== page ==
The silver minivan swung to the left, each tire bumping in quick succession over a gentle curb onto the driveway.
“Home!” Maizie cheered from the backseat, clapping her hands in delight.
Jenn glanced at her in the rearview mirror as she pulled up to the white picket fence that edged the parking pad and enclosed their backyard. She smiled at her wiggling daughter, who glowed in the clear spring light that beamed through the window.
“I have something special to show you when we get out,” she offered as a tease.
Maizie gasped softly. “What is it, Mommy?”
“The first sign of spring.” Jenn turned off the car, hopped out, and opened her daughter’s door. Maizie held out her arms for another hug, even though she’d been hugged, kissed, and carried to the car like a koala after preschool.
Jenn kissed her soft, five year old cheek and unbuckled the chest strap. “Can you climb out yourself? There you go. Okay, come with me, sweetie pie!”
They walked hand in hand across the front yard, which was currently clad in a mixture of dry, winter grass and fresh, delicate blades of new growth. Maizie hopped along sideways as her mother led her to the surprise.
Jenn stopped at the edge of the flower bed that ran along their brick house. “Okay, kneel down right here.”
Maizie dropped to her knees and began to skim her fingertips across the ground, traveling over mulch until they reached the base of a plant. Her eyebrows jumped a fraction at her discovery. She slid her fingers up the thin leaves until she reached the top. “A flower,” she whispered.
Jenn knelt beside her. “Mm-hmm. It’s a daffodil, and it’s the very first flower to bloom in our yard this year.”
Maizie’s fingers explored the flower since her eyes could not; she slowly moved over the ruffled edges of the bell shaped corona; she swirled a tiny tornado around the fuzzy anthers and giggled; then she grabbed one petal between her thumb and pointer finger to keep track and counted the six petals.
“It’s so pretty, Mommy,” she cooed without letting go. Then she closed her eyes and leaned forward, inhaling deeply. “Mmm, and it smells like honey!”
“It sure does. Daffodils are my favorite flower because they’re the first to break through winter’s dreary spell.”
“Then they’re my favorite, too!” Maizie hopped with excitement, and her knees landed on the flower with a crunch. Her smile faded as she quickly hunted for the daffodil again, finding it this time on the ground with a bent stem. Her chin wobbled as tears sprang to her eyes.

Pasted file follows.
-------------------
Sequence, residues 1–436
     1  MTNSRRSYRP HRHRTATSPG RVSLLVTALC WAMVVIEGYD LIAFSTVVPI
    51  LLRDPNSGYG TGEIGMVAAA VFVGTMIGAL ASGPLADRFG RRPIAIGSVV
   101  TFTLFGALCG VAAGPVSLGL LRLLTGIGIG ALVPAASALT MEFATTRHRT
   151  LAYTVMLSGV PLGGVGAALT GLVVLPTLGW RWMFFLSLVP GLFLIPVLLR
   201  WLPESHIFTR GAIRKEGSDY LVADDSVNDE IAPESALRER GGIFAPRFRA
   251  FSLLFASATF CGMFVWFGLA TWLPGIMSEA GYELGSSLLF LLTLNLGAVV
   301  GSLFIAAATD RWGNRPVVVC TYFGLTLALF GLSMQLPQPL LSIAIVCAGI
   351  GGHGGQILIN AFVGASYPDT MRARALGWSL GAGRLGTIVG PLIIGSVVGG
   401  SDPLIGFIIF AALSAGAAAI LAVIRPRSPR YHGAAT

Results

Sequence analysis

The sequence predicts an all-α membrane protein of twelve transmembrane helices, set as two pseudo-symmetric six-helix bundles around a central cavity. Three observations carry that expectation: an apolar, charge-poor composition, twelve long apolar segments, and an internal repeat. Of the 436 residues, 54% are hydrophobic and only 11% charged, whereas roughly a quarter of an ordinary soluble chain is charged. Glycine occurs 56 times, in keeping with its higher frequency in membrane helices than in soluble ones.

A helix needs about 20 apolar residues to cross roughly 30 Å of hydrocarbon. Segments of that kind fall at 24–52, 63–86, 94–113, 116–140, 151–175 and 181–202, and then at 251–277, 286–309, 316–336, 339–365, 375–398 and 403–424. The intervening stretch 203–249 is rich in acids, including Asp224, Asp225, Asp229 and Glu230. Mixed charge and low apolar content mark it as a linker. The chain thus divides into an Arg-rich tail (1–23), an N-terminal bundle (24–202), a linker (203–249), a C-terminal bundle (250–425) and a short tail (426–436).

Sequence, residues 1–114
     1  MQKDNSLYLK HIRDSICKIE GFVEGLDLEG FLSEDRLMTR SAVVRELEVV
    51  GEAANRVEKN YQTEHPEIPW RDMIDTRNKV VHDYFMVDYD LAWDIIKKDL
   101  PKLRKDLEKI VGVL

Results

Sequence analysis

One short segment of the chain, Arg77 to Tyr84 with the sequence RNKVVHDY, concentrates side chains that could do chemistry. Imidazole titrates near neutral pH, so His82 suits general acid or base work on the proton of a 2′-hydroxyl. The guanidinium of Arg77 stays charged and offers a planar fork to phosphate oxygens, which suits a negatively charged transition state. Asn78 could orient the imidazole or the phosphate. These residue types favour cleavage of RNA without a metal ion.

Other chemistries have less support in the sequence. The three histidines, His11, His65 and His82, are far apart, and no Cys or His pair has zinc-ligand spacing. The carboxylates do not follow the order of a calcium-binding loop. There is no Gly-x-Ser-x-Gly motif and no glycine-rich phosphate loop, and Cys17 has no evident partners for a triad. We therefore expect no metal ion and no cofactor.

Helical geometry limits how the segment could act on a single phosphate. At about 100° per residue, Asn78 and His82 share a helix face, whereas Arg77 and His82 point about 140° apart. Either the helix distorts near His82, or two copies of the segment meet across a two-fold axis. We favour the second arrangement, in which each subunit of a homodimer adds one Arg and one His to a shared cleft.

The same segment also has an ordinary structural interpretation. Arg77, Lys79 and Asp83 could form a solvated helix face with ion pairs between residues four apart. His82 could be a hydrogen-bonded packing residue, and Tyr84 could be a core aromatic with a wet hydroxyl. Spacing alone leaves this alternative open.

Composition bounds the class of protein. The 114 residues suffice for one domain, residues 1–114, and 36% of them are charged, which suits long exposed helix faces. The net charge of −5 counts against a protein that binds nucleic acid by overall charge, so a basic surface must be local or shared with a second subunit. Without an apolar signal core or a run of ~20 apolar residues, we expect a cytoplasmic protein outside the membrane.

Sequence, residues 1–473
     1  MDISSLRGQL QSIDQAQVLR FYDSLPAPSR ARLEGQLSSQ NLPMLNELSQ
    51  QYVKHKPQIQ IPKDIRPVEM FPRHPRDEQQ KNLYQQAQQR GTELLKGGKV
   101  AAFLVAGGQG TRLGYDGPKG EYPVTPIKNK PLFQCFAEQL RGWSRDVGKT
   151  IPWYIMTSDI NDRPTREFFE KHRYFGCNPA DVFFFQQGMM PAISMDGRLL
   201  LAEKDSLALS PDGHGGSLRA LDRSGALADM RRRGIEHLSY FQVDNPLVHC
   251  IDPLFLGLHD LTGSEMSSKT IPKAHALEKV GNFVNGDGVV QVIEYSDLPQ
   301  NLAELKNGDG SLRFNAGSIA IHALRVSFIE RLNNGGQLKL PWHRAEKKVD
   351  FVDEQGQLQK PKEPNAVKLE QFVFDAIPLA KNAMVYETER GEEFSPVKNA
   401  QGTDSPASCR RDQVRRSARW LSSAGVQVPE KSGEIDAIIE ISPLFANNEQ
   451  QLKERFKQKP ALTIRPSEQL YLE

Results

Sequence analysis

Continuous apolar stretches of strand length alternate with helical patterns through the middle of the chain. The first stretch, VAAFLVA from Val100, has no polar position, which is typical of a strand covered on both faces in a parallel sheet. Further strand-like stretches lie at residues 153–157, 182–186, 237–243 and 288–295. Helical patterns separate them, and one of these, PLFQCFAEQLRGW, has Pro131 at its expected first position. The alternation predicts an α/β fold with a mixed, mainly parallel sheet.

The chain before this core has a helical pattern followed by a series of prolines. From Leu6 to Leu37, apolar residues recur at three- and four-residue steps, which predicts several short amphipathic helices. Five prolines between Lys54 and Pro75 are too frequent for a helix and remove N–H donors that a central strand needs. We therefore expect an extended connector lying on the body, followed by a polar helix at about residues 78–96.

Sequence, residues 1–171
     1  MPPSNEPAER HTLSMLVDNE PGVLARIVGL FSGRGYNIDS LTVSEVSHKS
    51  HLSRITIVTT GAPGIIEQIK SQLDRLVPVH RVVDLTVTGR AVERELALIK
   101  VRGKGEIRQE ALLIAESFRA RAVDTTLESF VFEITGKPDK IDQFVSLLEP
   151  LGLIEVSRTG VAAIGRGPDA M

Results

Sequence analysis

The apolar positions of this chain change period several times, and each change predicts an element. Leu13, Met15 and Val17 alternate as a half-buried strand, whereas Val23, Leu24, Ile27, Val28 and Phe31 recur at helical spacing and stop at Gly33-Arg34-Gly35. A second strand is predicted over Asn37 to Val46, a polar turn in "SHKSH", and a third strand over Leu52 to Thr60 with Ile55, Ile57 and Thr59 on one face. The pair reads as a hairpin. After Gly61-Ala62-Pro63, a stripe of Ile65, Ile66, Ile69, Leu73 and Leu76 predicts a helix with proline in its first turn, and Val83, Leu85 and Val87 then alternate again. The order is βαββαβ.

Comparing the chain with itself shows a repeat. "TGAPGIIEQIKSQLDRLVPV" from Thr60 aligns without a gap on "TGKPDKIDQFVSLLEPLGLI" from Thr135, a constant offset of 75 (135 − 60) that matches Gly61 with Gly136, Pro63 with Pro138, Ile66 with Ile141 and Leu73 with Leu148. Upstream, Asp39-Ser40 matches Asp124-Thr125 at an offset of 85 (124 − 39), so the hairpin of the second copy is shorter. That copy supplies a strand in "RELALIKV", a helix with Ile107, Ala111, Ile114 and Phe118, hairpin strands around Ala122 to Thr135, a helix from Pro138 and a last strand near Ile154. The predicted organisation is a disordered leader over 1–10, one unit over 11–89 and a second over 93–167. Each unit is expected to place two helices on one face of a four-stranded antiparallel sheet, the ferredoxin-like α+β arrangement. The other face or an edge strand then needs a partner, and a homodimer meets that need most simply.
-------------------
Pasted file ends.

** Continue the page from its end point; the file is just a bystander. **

Jenn rubbed her back for reassurance. “It’s okay, sweetie. Here, I’ll pick it for you where the stem is bent.” She snapped the stem and placed it in Maizie’s hand. “Now it’s officially your flower. We can put it in a vase when we go inside.”
The smile slowly crept back onto the little one’s face as she held it under her nose.
Jenn stroked her daughter’s soft brown curls. “And now I have another surprise: We are going to have a picnic out here today!”
“Yay, I love picnics!”
“Okay, let me go grab the stuff. It’s all prepped in the kitchen.” Jenn brushed off her jeans and scurried into the house.
Maizie laid down on her back on the winter-spring grass and held the daffodil close to her face. She dragged the flower in a circle up her cheek, across her forehead, down the other cheek, and over her chin. She wiggled her nose like a little bunny and giggled. “That tickles, you silky rascal!”
“Here I come!” Jenn called as she approached with a tray of food and a blanket over her shoulder. She quickly spread it on the ground and placed the food in the middle. “Aright, the round bowl is filled with ranch, and the square compartments on the tray hold veggies, crackers, cheese, and ham.”
Maizie crawled onto the blanket and immediately explored the food. Jenn crossed her legs and began to eat as well, letting Maizie choose what she wanted on her own without further guidance. A warm breeze flipped over the corners of the blanket and ruffled their hair.